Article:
Realism and abstraction are frequently cast as opposing forces in modernism’s developmental narrative. For reasons that had to do less with art-historical inevitably than with geopolitics, abstraction was declared victorious in the United States after World War II. Reflecting wartime alliances, American abstraction traced its lineage to France, while the Germanic tradition of figural Expressionism was largely sidelined. To the extent that Germany’s contributions to modernism were acknowledged, Munich’s Blaue Reiter group, which experimented most overtly with abstraction, received greater attention than the comparatively representational work of artists based elsewhere in German-speaking Europe. Wassily Kandinsky’s esoteric theories, endorsed by Galka Scheyer on the West Coast and Hilla Rebay at the fledgling Guggenheim Museum (originally the Museum of Non-Objective Painting) in New York, seemed to affirm the formalist dogma that dominated the American art world in the third quarter of the twentieth century.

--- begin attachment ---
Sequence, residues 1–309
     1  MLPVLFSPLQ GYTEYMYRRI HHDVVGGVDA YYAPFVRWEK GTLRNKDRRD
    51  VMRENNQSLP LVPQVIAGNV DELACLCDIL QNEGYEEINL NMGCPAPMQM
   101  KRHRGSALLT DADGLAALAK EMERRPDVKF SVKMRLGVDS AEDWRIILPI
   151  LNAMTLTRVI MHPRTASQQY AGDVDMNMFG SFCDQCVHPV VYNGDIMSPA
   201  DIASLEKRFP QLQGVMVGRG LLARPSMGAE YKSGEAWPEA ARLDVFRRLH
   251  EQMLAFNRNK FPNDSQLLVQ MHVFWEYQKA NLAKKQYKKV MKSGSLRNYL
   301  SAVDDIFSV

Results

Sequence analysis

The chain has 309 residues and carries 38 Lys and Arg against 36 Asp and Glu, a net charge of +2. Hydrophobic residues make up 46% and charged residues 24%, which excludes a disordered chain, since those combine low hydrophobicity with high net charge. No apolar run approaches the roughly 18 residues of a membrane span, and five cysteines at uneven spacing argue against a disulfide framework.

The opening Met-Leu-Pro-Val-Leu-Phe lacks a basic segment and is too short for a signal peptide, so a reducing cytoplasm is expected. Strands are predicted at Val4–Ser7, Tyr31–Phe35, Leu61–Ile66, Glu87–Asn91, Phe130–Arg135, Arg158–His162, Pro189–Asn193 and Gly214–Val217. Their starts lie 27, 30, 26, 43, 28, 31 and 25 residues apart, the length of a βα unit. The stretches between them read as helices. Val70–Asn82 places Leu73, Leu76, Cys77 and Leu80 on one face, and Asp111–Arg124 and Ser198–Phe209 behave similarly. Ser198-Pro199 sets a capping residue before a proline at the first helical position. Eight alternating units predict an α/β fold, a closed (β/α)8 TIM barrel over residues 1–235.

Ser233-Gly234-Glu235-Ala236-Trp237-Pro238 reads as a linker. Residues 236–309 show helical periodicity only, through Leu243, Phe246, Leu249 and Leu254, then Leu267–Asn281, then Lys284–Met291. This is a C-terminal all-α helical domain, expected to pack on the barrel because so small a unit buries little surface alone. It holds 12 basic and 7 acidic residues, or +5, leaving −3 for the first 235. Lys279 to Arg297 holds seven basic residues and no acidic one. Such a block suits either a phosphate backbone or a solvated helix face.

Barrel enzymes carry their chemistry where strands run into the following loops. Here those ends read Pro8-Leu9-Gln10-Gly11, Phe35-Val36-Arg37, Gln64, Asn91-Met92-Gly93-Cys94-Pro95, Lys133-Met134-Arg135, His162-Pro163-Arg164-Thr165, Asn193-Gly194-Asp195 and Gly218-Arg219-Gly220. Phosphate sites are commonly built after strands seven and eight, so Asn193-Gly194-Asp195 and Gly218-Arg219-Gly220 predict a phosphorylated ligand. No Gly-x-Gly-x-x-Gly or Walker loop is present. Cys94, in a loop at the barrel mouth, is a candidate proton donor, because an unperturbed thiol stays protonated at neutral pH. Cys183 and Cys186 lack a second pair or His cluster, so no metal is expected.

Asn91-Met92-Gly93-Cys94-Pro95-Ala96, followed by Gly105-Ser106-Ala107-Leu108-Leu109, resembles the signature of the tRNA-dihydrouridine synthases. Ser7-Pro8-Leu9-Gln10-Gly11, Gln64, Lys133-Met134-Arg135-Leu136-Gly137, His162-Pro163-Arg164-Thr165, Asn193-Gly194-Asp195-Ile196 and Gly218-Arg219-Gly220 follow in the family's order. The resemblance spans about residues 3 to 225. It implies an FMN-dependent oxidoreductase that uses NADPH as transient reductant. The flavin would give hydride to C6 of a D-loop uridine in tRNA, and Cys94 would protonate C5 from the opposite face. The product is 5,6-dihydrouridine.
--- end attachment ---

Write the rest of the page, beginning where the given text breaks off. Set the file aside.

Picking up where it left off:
However, neither Kandinsky nor his Expressionist colleagues in Germany and Austria believed that art should be free of all extrinsic content, or as the critic Clement Greenberg put it, that an artist should be concerned solely with the “arrangement of spaces, surfaces, shapes, colors, etc., to the exclusion of whatever is not necessarily implicated in these factors.” In the Blaue Reiter Almanac, Kandinsky described two fundamental formal approaches, “the great realism” and “the great abstraction,” both of which, he said, ultimately serve the same end: to express “the inner resonance of the thing.” The German critic Paul Fechter, who authored the first book on the subject in 1914, similarly identified two strands of Expressionism: the “extensive,” which retains ties to recognizable subject matter, and the “intensive,” which entirely renounces such imagery. Whether realist or abstract in their orientation, Expressionists were driven by a need to re-envision the world.
Kirchner, Ernst Ludwig
Pechstein, Hermann Max